Re: Collective Volition: Wanting vs Doing.

From: Eliezer Yudkowsky (
Date: Mon Jun 14 2004 - 22:46:13 MDT

Jef Allbright wrote:
> Eliezer Yudkowsky wrote:
>> I see no reason why I should care about genes or memes except insofar
>> as they play a role in individuals built by genes who are running
>> memes. What exerts the largest causal influence is not necessarily
>> relevant to deciding what is the *important* aspect of humanity; that
>> is a moral decision. I do not need to make that moral decision
>> directly. I do not even need to directly specify an algorithm for
>> making moral decisions. I do need to tell an FAI, in a well-specified
>> way, where to look for an algorithm and how to extract it; and I am
>> saying that the FAI should look inside humans. There is much
>> objection to this, for it seems that humans are foolish. Well, hence
>> that whole "knew more, thought faster etc." business. Is there
>> somewhere else I should look, or some other transformation I should
>> specify?
> You're asking good questions, and the process of asking these
> increasingly accurate questions will lead to increasingly accurate
> solutions.
> The vector sum of current human volition is not wisdom. It's not even
> an early approximation of wisdom. In fact, it's currently badly skewed.

There is no such thing as the vector sum of "current human volition". You
are speaking of the vector sum of "current human *decision*" which, I quite
agree, would be disastrous to hook up to an SI (or RPOP). A volition is
extrapolated beyond the self of this moment; a *collective* volition
extrapolates a planet beyond the selves of this moment, and cannot be
regarded as a vector sum of individual volitions.

> The vector sum of current human volition does not represent wisdom, let
> alone embody wisdom. Acting as if it did would invite disaster, given
> the current state of human development.

I agree, provided that you are talking about the vector sum of current
human decision.

> The answers you seek do not
> exist yet, no matter how deeply and widely one might be able to probe
> the collective human psyche.

You cannot read out the volition from an LED display on the back of
someone's neck; it has to be extrapolated.

Decision is not volition.
Volition is not decision.

> There are no pointers, maps, or
> transformations of this collective data that could be directly applied
> to the solution you (we all) seek. The current data set is strongly
> skewed toward short term, local scope thinking.

If I had any doubt before that you were speaking of "decision" rather than
"volition", it would be gone now.

> The answers do not
> exist in the current data set but we can expect they will emerge only as
> part and result of the process.

...the process which a "collective volition" attempts to extrapolate, yes,
that is the whole idea of collective volition, getting an extrapolated
approximate satisficing advance answer to the process.

> Yes, wisdom is present within the collective landscape, but most of
> humanity perceive and consider only a small portion of the whole, and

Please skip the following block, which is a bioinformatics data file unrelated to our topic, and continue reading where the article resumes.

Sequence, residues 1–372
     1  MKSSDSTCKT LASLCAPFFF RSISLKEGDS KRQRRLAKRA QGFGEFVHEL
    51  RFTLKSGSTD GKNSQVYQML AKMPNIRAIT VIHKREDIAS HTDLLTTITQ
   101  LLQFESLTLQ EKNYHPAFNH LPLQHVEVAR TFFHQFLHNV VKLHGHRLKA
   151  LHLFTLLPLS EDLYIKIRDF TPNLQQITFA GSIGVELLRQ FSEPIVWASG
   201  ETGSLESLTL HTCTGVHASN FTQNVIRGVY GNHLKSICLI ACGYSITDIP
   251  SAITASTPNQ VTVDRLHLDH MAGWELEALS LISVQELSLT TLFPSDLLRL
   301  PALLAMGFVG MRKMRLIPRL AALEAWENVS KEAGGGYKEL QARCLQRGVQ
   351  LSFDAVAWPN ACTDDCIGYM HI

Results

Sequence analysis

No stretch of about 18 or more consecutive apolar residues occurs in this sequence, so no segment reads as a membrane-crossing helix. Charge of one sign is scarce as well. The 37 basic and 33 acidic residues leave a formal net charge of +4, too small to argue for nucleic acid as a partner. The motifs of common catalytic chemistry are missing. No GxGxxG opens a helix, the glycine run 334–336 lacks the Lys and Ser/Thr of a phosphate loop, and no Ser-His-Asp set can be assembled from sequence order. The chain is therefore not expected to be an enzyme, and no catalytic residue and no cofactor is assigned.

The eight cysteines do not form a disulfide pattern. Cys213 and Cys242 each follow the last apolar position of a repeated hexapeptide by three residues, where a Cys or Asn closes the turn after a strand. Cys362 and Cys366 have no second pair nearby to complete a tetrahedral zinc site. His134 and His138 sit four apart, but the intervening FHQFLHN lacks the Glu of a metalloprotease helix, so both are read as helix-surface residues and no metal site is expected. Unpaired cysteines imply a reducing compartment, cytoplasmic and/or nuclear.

> the answers you seek within it require a broader scope of human
> intelligence. The seeds exist but they have not yet grown, and it is
> impossible to see the tree without planting, nurturing, and waiting for
> the seeds to grow.

And you know this... how? It sounds very wise and I suspect it simply
isn't true.

> To model the collective volition of humanity is a worthy goal, not to
> extract from it the ideal human volition, or even an a starting
> approximation of the ideal, but for the purpose of better understanding
> and contributing to the process that will get us wherever we will be in
> the future. There is much work that can be done to improve the process
> of humanity getting closer to its evolving goals, but progress will be
> made by building upon the foundations of morality rather than futilely
> preparing to prune a unique and yet unknown tree when it is still a seed.

A collective volition doesn't prune. It extrapolates and superposes

> What is moral, in the minds of people of disparate backgrounds, tends to
> converge as their understanding and interests broaden.

This is an assertion that the *collective volition* tends to cohere more
than the vector sum of decisions.

> As the scope
> expands to include broader space of interaction, broader range of
> interacting parties, and broader time period being considered, "what is
> moral", tends to converge into an ever clearer sense of shared
> direction. You can only get there by performing the interactions -- a
> model of sufficient accuracy would take just as long to run the
> simulation as the reality

Again, I think this sounds wise and simply isn't true. Here you are,
making all sorts of abstract predictions about the collective volition
without running the simulation!

> -- but you can extract principles of
> successful interactions along the way and apply these principles toward
> "promoting the good."

Eliezer S. Yudkowsky                
Research Fellow, Singularity Institute for Artificial Intelligence

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